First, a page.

09 Sep Realising True Potential
True Potential is in the news again. The offer from Cinven (a UK-based Private Equity firm that has raised over £37bn in over 40 years of operations) has been accepted and the price tag being talked about is in the region of £2.4bn. That’s a lot of money. But what’s more they plan to grow the business over the next three years and IPO it at a market valuation of c£5.5bn.
To give some context here, James Hay bought Nucleus for £145m, M&G bought Ascentric for £86m, AnaCap bought Novia for £100m and going further back, Aegon bought Cofunds for £150m. All well under the £2.4bn believed to have been paid for True Potential.
To understand what drives True Potential’s huge price tag, we need to look at how it creates value in its business. It has three divisions and relies on their vertical integration. The first is True Potential Wealth Management — a national advice business which recently took on 220 new advisers, giving it a total of 700. Again, for comparison, Quilter has around 1,500 restricted financial advisers while SJP has around 4,000 advisers.
The second division is another distribution arm, True Potential Adviser Services. This is a back office, compliance and IT services unit that works with around one in five UK advisers. The third is the True Potential Investments division which houses the platform, the own-branded funds, and the wrappers.
The platform now has over £17bn in assets. To give an idea of its rapid growth, it took £4.2bn of new client money in 2020, an increase of 62% on the previous year, and in the year to June, it has already taken £3.2bn. In addition, True Potential now administers £12.5bn in its proprietary, sub-advised funds. There is also a smaller D2C arm, but the adviser and Investment books are the biggest.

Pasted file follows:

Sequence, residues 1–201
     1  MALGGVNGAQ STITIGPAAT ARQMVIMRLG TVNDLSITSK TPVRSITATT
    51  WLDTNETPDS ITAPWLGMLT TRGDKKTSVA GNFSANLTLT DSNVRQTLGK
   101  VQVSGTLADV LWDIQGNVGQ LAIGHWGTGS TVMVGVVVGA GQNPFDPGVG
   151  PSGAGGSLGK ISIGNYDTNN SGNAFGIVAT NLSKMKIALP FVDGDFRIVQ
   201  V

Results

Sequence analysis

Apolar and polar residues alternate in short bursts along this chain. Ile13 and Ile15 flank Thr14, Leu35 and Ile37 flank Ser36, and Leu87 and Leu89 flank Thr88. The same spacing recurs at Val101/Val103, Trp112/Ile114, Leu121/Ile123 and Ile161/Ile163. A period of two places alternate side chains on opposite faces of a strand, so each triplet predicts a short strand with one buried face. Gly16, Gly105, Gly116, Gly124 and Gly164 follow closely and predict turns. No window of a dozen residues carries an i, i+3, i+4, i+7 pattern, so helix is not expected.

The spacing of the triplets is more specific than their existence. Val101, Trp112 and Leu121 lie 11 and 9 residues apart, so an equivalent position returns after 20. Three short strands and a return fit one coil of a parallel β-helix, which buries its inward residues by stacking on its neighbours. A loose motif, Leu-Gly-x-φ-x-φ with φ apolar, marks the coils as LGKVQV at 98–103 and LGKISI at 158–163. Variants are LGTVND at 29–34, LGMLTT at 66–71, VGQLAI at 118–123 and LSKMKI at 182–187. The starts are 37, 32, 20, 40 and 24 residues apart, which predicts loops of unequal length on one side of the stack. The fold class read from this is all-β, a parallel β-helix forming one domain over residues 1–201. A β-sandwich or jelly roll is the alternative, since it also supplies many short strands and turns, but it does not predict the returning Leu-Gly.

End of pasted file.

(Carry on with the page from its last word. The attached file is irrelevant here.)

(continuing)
Greater than the sum of the parts
At the time of the last takeover speculation, the two distribution arms contributed only 16% of the total group profit. It’s likely to be even less now in relative terms, given the growth in the Investment division. The distribution arms are not where the group value sits, in fact they also carry long-term liability. Their main purpose is to channel flows into the Investment division where most of the profits are made.
True Potential is an example of the whole being greater than the sum of the parts. The vertical integration structure along with the potential for further growth is where the value lies. A valuation of £2bn would put the price at 27x EBITDA or 29x operating profit before tax.
When FTV (an early investor in True Potential) bought a stake, the valuation would have been around 10x EBITDA. The difference between then and now, shows how much value True Potential’s vertical integration has created and how its buy-out programme has established itself as a consolidation home for advisers, positioning itself for future growth.
The sale is further evidence of the growing private equity involvement in the retail financial services sector. Other competitors with their own distribution arms, large advice groups and DFMs building their own distribution capability will be taking a long look at their own plans. Thanks to True Potential, they now have tangible evidence of how value can be created through successful vertical integration and a compelling consolidation proposition.